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  • In the past, there were over 200 state laws and about 50 central labour laws in India that governed various aspects of employment.
  • The Code of Wages Act was brought into the picture by the parliament  to simplify the provision of Payment of Wages, Payment of Bonus, Equal Remuneration, and Minimum Wages Act by compiling it together and repealing the former laws
  • Major drawback to be noticed in the Payment of Wages Act,1934 is that it neither defines nor differentiate between any of these vital terms. 
  • The Payment of Wages Act was based on the employee's wage limit, which was set at 24, 000 rupees.
  • Code of Wages Act covers all the employs, while justifying the centre and the state’s jurisdiction.
  • Code of Wages assert that the employer has to pay his employee wage that is not below the minimum wage
  • Code of Wages added many new elements to the labour law, including an inspection mechanism and penalties for violations.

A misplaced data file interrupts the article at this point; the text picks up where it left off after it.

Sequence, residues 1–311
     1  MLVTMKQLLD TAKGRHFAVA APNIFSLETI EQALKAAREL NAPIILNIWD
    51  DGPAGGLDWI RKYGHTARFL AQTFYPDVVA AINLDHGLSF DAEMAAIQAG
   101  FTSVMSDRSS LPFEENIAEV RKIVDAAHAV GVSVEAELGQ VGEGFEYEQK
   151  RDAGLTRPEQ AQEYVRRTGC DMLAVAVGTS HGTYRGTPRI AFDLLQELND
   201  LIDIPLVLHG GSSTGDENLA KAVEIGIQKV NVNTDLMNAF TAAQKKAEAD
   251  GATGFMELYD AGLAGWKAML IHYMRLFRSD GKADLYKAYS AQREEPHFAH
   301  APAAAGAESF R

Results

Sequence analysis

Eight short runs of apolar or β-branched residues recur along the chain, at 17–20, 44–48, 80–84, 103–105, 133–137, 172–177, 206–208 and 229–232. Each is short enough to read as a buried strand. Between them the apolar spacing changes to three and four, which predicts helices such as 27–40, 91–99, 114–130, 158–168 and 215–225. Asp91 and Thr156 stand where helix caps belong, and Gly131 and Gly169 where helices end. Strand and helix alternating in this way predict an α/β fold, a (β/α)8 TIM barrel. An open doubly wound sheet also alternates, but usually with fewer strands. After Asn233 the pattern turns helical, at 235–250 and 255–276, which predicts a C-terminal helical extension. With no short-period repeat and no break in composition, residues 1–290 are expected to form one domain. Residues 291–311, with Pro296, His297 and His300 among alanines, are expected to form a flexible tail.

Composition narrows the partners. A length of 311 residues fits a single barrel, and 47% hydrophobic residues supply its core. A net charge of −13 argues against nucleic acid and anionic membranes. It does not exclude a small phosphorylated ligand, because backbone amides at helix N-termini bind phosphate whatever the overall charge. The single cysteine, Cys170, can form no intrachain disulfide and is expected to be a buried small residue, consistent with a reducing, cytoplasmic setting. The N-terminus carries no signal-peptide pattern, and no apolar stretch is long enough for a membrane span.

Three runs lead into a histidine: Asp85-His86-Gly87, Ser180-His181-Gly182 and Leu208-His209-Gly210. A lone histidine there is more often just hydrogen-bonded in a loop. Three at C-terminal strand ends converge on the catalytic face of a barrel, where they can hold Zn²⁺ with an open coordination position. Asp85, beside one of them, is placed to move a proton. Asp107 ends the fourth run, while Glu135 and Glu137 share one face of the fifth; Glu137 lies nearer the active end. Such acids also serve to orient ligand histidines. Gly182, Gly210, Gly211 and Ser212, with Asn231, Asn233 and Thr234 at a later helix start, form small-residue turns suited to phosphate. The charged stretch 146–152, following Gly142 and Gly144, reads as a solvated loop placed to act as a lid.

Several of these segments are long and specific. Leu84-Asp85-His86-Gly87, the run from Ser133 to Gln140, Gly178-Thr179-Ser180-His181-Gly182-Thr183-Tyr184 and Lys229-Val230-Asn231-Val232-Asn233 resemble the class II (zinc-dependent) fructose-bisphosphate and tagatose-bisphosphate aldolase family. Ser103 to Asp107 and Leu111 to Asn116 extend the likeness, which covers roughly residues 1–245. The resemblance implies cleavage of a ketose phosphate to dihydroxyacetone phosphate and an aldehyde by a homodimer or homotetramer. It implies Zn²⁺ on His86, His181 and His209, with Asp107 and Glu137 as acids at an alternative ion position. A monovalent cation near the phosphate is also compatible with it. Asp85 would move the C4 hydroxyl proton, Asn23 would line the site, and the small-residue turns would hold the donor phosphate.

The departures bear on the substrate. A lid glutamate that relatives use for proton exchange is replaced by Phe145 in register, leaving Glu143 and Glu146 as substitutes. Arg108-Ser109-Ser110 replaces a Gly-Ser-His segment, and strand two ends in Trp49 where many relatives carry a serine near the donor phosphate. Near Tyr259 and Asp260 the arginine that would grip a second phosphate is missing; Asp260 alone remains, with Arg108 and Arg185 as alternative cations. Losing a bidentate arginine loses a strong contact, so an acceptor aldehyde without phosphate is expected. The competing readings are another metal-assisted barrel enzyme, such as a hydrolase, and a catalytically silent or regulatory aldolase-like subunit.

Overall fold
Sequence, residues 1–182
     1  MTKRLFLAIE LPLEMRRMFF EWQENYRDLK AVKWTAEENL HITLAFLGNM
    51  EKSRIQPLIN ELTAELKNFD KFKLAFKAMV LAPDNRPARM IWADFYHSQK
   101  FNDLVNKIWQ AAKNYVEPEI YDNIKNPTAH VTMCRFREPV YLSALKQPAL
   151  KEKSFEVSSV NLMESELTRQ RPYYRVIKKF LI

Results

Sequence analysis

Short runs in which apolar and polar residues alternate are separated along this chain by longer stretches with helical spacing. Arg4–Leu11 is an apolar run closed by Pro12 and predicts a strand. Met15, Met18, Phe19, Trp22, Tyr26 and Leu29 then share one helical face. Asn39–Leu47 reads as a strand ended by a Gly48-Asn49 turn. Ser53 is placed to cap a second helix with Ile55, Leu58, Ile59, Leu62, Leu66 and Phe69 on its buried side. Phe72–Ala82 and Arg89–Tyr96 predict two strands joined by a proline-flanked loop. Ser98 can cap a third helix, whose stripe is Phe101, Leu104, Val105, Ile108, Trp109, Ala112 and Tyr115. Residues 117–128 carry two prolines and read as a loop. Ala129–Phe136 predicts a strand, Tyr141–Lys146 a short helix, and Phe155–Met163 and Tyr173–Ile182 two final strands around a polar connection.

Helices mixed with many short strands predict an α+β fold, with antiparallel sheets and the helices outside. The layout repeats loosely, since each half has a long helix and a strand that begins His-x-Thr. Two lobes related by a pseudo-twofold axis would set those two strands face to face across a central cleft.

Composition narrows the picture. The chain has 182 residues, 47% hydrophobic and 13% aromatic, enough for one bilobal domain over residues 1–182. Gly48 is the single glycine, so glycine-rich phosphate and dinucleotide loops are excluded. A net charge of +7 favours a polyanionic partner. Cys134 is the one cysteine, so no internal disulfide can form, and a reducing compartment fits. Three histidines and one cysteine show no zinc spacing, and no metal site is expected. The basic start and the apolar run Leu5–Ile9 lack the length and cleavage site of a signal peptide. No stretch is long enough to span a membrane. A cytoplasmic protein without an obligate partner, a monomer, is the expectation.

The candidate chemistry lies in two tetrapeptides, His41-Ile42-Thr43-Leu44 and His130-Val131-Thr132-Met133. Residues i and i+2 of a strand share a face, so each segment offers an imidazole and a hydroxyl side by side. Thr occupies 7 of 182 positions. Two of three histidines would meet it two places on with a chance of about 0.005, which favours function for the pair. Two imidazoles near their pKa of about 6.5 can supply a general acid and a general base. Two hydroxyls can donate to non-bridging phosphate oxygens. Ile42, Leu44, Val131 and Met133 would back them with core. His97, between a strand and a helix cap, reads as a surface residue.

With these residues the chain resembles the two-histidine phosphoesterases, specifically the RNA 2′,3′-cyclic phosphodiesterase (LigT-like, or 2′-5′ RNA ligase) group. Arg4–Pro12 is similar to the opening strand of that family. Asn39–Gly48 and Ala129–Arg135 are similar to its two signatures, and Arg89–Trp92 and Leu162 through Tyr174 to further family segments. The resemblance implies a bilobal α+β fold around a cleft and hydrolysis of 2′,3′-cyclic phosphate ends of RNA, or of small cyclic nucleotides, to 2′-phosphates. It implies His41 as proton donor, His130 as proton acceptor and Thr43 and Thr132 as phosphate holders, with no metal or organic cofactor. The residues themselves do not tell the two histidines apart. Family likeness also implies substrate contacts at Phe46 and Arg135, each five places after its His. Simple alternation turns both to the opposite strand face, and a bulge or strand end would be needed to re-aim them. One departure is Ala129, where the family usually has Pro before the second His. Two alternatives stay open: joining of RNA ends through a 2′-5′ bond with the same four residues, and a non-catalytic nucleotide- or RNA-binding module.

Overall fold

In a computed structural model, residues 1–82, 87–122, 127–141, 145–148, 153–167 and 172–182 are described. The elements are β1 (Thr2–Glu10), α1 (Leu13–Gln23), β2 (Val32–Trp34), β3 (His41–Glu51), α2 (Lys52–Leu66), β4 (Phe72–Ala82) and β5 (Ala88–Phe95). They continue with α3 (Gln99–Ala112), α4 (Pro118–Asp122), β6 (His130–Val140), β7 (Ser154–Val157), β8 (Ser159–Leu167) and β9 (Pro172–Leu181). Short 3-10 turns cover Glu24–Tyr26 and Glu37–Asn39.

The Constitution added the subject of labour law in the concurrent list, meaning the state as well the centre has the access to legislate it. The complexity in the labour law arises due to this, since today we’ve over 200 state legislations and around 50 Central labour laws administering different aspect of labour employment in India. 

The Code on wages Act was brought into the picture by the parliament  to simplify the provision of Payment of Wages, Payment of Bonus, Equal Remuneration, and Minimum Wages Act by compiling it together and repealing the former laws. In this article we will discuss about the Code of Wages Act and Payment of Wages, in a comparative way to extend our further understanding of the laws.